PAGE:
Published: Mon, August 21, 2017
World | By Paul Elliott

Jerry Falwell Jr: Trump 'left door open' to calling Charlottesville attack terrorism

Jerry Falwell Jr: Trump 'left door open' to calling Charlottesville attack terrorism

"I don't know if there were historical purists there who were trying to preserve some statutes".

In the hours immediately after the rally, which was organized by white supremacists and ended with clashes with counter-protesters and the death of a 32-year-old woman, Trump blamed both sides for the deadly violence.

He also noted that as part of his commentary on the Charlottesville violence, Trump had labeled as "evil" white supremacists, neo-Nazis and Ku Klux Klan members.

Trump has been criticized by many from his previous statements on the protest.

"One of the reasons I supported him is because he doesn't say what's politically correct, he says what's in his heart, what he believes and sometimes that gets him in trouble", Falwell Jr. said. On Sunday, Senator Tim Kaine called President Trumps remarks "outrageous", noting that Trump was quick to call recent global incidents acts of terror, but not in the death of counter-protester Heather Heyer. 'I think he saw videos of who was there.

"He has inside information that I don't have", Falwell, one of Trump's top evangelical advisers, said on ABC News' "This Week."

"I understood, after talking to them, how good people could hear the same statement and take away different things from it", he said Sunday.

'He had information I didn't have, ' the Liberty University president said.

NPR reports that a former student body president, Chris Gaumer, is calling on alumni to return their diplomas to Falwell, or send him a letter denouncing his support for Trump.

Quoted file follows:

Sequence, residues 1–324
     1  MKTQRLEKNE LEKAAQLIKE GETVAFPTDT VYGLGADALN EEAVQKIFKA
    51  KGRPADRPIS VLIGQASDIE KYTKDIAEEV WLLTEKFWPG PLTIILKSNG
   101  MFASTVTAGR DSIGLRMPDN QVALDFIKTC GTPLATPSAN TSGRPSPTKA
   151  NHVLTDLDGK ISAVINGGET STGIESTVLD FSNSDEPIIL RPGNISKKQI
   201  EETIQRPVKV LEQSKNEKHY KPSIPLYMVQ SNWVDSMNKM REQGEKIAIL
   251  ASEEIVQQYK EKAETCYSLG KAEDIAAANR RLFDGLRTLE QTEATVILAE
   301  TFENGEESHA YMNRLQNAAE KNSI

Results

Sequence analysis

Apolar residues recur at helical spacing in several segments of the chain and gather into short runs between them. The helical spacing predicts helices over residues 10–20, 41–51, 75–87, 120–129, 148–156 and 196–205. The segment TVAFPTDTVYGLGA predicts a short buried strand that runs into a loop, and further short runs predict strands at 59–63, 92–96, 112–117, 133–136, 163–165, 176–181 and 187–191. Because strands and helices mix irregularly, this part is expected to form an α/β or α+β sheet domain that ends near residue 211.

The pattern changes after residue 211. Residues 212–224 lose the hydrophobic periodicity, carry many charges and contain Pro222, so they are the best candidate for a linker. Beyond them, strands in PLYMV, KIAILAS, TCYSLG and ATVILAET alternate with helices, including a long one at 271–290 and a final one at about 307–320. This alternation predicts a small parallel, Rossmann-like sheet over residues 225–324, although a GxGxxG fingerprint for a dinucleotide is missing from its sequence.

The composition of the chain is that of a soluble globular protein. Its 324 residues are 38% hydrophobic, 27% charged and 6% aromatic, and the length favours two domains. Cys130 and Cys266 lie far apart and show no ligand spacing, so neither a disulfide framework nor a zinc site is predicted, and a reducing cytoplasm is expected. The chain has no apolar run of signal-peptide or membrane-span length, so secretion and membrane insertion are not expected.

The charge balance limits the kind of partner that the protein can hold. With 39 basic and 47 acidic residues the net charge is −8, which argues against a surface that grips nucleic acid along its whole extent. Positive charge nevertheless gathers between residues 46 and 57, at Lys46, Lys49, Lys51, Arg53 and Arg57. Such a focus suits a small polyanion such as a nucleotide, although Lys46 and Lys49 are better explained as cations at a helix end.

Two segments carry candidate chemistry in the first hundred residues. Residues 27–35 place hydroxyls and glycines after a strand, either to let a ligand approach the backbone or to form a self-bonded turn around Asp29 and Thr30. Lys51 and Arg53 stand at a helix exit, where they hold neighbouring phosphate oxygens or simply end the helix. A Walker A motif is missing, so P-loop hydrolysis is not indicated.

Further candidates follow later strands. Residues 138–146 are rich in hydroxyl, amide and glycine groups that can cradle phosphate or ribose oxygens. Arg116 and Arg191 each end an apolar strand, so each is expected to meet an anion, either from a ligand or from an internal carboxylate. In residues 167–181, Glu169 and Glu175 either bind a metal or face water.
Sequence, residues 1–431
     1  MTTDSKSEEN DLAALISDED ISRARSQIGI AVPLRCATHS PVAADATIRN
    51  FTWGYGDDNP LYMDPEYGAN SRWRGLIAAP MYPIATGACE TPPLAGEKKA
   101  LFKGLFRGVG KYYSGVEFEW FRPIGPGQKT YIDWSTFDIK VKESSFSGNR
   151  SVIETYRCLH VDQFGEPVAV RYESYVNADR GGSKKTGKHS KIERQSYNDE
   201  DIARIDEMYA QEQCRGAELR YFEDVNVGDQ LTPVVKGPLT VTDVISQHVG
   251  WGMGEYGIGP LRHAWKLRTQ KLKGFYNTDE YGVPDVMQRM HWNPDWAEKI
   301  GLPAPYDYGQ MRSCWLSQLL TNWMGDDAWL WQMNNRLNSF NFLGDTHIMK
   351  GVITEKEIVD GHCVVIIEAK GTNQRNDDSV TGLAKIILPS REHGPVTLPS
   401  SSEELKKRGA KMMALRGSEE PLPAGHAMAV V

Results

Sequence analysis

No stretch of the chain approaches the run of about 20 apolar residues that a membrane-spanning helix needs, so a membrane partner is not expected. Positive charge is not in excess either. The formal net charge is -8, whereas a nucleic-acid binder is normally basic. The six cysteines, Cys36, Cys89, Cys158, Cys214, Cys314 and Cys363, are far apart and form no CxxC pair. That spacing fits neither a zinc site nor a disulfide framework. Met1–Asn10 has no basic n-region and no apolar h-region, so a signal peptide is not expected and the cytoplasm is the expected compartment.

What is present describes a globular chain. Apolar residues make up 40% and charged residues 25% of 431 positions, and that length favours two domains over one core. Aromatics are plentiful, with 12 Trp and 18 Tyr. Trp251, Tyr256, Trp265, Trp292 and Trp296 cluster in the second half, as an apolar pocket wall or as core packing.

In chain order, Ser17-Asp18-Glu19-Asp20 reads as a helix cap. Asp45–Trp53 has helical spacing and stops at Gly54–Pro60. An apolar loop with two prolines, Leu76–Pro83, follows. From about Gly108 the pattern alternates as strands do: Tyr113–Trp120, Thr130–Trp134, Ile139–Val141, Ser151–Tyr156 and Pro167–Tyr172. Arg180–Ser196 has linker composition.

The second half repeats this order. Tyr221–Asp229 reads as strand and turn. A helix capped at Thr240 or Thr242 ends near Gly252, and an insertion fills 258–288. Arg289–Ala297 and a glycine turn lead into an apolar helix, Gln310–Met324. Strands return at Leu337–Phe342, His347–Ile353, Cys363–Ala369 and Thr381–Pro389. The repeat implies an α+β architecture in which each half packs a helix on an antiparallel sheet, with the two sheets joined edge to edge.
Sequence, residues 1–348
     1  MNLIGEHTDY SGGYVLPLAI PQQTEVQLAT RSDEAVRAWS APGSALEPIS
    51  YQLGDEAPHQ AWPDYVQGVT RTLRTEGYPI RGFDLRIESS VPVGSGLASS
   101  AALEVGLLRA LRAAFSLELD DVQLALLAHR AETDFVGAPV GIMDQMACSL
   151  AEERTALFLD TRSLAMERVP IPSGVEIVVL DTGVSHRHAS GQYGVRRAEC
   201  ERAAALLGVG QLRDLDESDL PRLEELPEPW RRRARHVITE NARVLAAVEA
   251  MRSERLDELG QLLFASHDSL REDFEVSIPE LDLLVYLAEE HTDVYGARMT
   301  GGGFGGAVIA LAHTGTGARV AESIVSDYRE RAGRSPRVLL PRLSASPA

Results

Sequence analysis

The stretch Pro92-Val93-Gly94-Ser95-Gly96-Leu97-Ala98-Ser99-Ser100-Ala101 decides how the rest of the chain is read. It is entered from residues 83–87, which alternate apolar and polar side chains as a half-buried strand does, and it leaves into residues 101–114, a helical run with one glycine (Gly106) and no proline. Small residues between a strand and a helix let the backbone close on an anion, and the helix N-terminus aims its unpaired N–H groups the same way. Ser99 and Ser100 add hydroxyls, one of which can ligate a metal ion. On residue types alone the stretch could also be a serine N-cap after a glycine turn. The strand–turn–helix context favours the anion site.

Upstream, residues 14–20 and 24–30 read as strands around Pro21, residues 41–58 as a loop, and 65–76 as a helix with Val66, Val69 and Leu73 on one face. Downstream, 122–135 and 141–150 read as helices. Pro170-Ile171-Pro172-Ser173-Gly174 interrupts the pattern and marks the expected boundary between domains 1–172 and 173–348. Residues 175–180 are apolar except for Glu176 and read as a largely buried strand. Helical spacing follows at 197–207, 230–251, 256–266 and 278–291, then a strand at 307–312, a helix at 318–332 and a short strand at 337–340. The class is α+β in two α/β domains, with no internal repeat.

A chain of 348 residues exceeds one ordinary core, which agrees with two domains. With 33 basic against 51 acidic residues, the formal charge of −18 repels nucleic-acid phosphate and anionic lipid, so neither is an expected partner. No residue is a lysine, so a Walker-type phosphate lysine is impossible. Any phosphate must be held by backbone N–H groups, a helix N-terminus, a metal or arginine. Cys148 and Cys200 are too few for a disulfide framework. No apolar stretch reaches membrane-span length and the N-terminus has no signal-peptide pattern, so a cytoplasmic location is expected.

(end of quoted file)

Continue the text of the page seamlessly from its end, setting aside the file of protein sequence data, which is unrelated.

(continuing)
When ABC reached out to the administration to book a spokesperson, the administration told "This Week" to book Falwell, a longtime Trump ally.

'I think the president has made it very clear that there is no moral equivalency between what the counter-protesters did, even though maybe some of them resorted to violence in response. and somebody driving his auto into a crowd because he hates people of other races, ' Falwell said.

Falwell isn't alone among his evangelical peers in continuing to stand with the president.

Raddatz pointed out that President Trump hasn't called the attack in Charlottesville a case of domestic terrorism - although Falwell claimed Trump hadn't ruled it out.

"That can't be your world view", she said.

Some Liberty graduates see Falwell's association with Trump as both a personal liability and a moral embarrassment. "Not all of those people were white supremacists".

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